Kites and jumping puzzles[edit]

With the design of the new Living World zones being received well by players, ArenaNet could now focus on making movement in these vertical space more enjoyable. While aspect crystals were used for carefully designed platforming challenges, the gameplay isn't very interesting for players because they served primarily as puzzles for collecting Sky Crystals in Labyrinthine Cliffs and progressing along a linear path in Dry Top. This is the primary reason crystals in Dry Top are on a timer, relatively disparate, and used for more object collection in the form of Lost Coins.

Expansion design[edit]

The traditional expansion approaches by introducing a large amount of content for players to consume and then forget about. This approach has shown that you are biting the hand that feeds you. Players previously consume content from the game before the expansion and forgotten about, waiting to repeat the process with each expansion. This creates a demand for developers to give players a quantity of content and perpetuates itself. Developers have to provide the same amount or more content each expansion or people will feel ripped off.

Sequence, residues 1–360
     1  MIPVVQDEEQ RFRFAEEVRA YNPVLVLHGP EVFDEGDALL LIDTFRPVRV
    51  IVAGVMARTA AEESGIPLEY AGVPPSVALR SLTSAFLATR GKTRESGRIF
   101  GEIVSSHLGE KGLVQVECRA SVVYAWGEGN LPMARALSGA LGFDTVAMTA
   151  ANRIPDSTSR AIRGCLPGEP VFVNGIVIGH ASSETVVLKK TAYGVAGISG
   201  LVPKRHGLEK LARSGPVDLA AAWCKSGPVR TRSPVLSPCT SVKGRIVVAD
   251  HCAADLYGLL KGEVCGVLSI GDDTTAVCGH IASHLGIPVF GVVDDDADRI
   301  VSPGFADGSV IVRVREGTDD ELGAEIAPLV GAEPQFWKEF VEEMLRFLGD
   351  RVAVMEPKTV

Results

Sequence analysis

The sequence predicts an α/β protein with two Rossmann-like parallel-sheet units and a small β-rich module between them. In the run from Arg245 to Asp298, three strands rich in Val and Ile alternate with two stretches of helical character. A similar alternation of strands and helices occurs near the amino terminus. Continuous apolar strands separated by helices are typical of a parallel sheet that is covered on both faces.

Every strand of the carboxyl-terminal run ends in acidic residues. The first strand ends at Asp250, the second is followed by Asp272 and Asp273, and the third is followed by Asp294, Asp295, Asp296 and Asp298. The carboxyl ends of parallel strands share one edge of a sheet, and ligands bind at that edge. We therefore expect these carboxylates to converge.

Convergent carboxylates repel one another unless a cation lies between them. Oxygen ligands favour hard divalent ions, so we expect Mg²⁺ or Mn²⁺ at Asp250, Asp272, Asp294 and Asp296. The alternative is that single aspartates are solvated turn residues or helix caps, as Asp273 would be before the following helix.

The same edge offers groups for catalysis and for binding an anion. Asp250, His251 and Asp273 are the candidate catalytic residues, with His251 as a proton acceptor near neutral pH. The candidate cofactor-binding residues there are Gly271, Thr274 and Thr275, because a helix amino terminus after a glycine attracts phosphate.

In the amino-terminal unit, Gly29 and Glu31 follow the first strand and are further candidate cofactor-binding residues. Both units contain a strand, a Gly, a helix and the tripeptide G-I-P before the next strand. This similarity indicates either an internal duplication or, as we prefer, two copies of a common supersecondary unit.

ArenaNet has decided on quality of the content that players will visit again after consuming it for the first time. This isn't unfamiliar territory, as much of the zone design encourages players to visit all the zones in the world instead of staying in the high level zones. This is done through jumping puzzles, collections, champion loot bags, ascended equipment crafting, map completion, and rewards being a percentage of the experience bar. The idea is that players can continue progression no matter the area they are in and this makes exploring low and medium level zones.